In one instance, the governor of Diyala announced that 90% of schools were closed due to terrorist threats and acts. Human rights offices regularly receive information on the trend of mass migration by qualified Iraqis from conflict-ridden areas to safer regions. The Ministry of Higher Education also recorded the assassination of 154 university professors from 2003 to 2006.
Baghdad itself has seen the highest rate of assassinations, amounting to nearly 44% of all academic assassinations in Iraq. In truth, the rate of student assassinations has risen to more than 5% of total assassinations. Nearly 400 cases of assassinations of academics have been recorded overall, with multitudes received threatening letters that trouble both teachers and students.
In 2017, during the operations to liberate Mosul from the grip of the “Islamic State of Iraq and the Levant” (ISIL), 11 faculties at Mosul University were bombed by the international coalition against ISIL under the cover of military operations pursuing a scorched earth policy. In addition, 300 primary and secondary schools were blown up due to the military actions of various Iraqi factions that took part in the liberation operations.
Iraq’s ranking in the world
It is a shame that the leaders and officials in charge of the educational portfolio maintain such simplistic thinking, which only adds to a chaotic outcome that wastes potential and opportunities for progress and cultural and scientific construction. It was therefore inevitable that Iraq experience further regression, falling to the 151st ranking according to the World Bank’s index on doing business globally of 189 countries. This is in spite of a report published by the Wall Street Journal which ranks Iraq 9th among countries with the most natural resources in the world.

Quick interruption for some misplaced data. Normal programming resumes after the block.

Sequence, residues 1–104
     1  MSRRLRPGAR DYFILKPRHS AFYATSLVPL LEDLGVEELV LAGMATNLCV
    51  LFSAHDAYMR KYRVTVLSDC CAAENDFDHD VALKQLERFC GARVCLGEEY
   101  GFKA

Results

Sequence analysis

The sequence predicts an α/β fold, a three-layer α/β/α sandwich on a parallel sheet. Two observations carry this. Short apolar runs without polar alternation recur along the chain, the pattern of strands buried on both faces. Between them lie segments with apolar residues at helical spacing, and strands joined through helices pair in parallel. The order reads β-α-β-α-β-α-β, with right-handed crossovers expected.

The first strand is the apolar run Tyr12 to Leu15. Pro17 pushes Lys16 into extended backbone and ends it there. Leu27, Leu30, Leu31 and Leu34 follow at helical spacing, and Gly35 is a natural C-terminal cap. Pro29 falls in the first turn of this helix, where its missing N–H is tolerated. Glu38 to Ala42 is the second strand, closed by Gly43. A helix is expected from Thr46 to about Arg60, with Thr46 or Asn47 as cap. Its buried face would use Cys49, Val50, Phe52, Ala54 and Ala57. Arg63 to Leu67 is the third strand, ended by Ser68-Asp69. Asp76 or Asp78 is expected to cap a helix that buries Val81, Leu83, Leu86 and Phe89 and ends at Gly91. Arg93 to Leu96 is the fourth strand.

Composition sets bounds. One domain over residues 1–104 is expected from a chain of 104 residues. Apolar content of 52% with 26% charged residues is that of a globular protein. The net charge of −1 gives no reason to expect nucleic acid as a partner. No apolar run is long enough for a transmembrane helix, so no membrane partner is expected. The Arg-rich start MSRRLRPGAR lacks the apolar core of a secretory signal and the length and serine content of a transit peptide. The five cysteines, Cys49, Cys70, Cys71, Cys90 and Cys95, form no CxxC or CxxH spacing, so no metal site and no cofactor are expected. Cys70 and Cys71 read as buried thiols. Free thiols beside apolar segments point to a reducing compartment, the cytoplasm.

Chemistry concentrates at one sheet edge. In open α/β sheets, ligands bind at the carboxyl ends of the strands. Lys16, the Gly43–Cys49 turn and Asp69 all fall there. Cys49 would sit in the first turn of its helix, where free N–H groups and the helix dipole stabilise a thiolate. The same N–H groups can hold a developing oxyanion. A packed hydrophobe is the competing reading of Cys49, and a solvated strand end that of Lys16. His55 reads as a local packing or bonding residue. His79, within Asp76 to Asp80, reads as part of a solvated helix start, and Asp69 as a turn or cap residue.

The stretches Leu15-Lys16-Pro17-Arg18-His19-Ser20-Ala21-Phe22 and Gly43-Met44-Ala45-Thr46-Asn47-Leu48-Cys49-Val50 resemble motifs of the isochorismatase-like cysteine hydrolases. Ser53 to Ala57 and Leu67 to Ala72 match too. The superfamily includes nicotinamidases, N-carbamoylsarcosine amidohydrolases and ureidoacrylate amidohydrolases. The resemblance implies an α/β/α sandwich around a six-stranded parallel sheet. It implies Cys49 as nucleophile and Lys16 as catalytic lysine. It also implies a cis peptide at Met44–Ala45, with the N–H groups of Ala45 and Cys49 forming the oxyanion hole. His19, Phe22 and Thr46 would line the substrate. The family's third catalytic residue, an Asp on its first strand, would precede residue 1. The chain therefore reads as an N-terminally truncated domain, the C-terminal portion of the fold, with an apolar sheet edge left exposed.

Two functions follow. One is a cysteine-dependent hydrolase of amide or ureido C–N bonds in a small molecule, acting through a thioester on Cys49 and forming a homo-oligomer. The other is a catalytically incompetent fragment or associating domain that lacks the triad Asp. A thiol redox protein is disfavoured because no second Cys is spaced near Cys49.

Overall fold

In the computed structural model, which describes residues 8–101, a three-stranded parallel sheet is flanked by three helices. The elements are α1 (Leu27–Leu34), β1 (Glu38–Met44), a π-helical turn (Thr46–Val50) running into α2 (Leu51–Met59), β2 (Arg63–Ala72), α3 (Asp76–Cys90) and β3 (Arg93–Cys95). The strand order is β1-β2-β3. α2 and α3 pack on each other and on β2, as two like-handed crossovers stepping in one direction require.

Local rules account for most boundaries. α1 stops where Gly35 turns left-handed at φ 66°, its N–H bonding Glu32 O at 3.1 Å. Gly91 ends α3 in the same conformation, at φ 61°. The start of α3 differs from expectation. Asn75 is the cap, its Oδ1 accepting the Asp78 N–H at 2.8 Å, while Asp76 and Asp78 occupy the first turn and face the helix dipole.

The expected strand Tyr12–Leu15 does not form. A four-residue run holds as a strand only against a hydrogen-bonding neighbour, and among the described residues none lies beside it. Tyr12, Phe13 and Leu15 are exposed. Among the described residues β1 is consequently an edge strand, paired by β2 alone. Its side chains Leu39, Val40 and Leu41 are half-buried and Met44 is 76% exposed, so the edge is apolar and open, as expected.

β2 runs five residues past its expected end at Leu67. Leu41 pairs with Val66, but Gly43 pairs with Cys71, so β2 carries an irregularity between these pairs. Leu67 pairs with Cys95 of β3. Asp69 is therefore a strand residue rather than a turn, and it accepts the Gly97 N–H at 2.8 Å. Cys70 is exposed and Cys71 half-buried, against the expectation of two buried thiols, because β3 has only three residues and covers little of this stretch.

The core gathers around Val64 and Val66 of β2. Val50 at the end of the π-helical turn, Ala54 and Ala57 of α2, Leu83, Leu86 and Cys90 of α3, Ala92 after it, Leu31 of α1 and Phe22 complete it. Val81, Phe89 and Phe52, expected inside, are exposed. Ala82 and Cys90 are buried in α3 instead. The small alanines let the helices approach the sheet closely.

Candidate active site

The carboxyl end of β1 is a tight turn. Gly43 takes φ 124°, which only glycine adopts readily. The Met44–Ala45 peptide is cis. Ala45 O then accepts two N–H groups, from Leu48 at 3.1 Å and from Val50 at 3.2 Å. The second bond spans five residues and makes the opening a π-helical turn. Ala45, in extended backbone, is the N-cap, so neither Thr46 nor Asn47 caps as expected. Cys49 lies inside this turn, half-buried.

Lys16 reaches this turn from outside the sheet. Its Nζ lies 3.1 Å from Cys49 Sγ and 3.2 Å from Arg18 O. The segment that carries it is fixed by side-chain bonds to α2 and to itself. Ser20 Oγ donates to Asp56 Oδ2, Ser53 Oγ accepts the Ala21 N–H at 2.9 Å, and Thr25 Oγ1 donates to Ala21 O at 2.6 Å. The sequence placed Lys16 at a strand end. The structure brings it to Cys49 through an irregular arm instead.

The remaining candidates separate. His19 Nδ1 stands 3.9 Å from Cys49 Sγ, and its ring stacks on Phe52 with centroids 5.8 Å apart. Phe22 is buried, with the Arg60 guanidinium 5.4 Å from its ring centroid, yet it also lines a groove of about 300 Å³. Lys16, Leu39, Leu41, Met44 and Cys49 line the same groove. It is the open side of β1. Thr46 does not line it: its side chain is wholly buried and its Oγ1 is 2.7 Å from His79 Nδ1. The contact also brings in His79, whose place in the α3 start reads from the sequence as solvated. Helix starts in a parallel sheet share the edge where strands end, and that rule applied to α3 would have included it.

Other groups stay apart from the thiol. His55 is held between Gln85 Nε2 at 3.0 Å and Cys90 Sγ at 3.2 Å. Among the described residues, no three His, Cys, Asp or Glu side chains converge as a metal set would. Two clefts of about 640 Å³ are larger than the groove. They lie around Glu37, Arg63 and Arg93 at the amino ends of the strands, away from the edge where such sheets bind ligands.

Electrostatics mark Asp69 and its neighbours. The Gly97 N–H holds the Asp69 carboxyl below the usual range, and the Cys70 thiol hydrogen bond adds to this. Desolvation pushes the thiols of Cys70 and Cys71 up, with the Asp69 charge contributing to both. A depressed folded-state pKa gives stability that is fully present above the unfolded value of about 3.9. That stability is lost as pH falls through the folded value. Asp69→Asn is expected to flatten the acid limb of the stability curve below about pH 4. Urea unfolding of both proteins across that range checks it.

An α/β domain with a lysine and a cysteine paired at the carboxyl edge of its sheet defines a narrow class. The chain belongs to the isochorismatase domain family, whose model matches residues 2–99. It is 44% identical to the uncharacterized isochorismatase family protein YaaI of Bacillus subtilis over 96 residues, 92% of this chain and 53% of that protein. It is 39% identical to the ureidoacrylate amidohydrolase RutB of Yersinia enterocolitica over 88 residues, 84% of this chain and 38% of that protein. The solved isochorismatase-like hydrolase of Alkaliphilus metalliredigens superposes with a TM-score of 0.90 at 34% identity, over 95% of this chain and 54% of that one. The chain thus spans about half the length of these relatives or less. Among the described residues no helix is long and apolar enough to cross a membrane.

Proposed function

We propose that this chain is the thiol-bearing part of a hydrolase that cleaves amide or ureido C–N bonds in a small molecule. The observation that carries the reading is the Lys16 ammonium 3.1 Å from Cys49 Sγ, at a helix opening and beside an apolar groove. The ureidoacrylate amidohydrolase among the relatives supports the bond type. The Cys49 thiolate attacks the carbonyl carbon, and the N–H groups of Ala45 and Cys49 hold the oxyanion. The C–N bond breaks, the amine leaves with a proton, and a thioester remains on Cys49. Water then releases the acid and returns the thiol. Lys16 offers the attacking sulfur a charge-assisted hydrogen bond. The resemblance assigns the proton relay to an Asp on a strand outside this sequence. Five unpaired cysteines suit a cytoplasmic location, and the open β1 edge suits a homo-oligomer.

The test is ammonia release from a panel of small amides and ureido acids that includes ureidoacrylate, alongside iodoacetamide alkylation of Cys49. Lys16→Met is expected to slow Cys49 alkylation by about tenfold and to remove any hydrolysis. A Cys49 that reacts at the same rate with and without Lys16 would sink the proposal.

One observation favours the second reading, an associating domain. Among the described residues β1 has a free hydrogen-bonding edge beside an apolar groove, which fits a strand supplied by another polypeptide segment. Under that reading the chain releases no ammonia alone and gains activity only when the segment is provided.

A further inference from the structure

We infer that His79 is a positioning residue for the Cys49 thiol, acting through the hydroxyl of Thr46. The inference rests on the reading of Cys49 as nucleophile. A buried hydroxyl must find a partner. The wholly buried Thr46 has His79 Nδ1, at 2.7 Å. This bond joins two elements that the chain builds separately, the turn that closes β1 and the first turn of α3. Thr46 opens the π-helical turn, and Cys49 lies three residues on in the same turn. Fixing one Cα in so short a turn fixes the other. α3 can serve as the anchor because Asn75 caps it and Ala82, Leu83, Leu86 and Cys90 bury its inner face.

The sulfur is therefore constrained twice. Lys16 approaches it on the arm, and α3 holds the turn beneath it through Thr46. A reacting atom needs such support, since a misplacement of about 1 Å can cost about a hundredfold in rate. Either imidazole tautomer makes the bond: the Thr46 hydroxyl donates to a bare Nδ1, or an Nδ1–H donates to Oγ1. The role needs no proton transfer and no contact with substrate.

The World Education Quality Index, issued by the Davos World Economic Forum, shows that Iraq and five other Arab countries were not evaluated for this year given they lack the basic quality standards qualifying them for admission.
A report on 2015-2016 declared Iraq, Syria, Yemen, Libya, Sudan and Somalia as countries lacking the most basic quality standards in education, making them ineligible for an assessment spanning 140 countries.
The index’s assessment of the quality of education and country rankings is based on the World Economic Forum’s Global Competitiveness Index. The index’s scores are calculated by collecting public and private data on 12 basic categories, including institutions, macroeconomic environment, health and basic education, university education and training, the efficiency of commodity markets, efficiency of labor markets, technological development, sizes of the market, and development of business and innovation, all of which are unduly degraded in Iraq.
These figures are dangerous in terms of contradiction centering on the extent of the state’s capabilities in spite of its achievements and efforts at development. More critically, it points to the extent of the Arab governments’ neglect of sensitive issues of education that will determine the progress or decline of entire peoples.
Immediate intervention for governments
It is necessary to reconsider the conditions of government universities and to focus on providing an organized scientific environment. The most critical priority is to educate people about the importance of science and a culture of achievement in a correct and systematic way; to effectively liberate their fascinated minds from these temporary stone-age developments, while pushing them to overcome satisfaction with low levels of ambition, and furthermore send an urgent message to unify efforts by higher educational authorities and dedicate further efforts and energies to this field. Moreover, it also necessitates a call for the reform of the internal environment, which is key to activating a dynamic engine that contributes greatly to developing the country and ranking it in a distinguished cultural and historical classification.
The education crisis in Iraq remains an important issue in need of urgent reform, amidst widespread political chaos and corruption in government bureaus, as well as the brain drain of its top minds, scientists, and teachers due to extortion and threats. This is a call for United Nations and international organizations to intervene immediately to find logical and systematic solutions to save the reality of education in the country.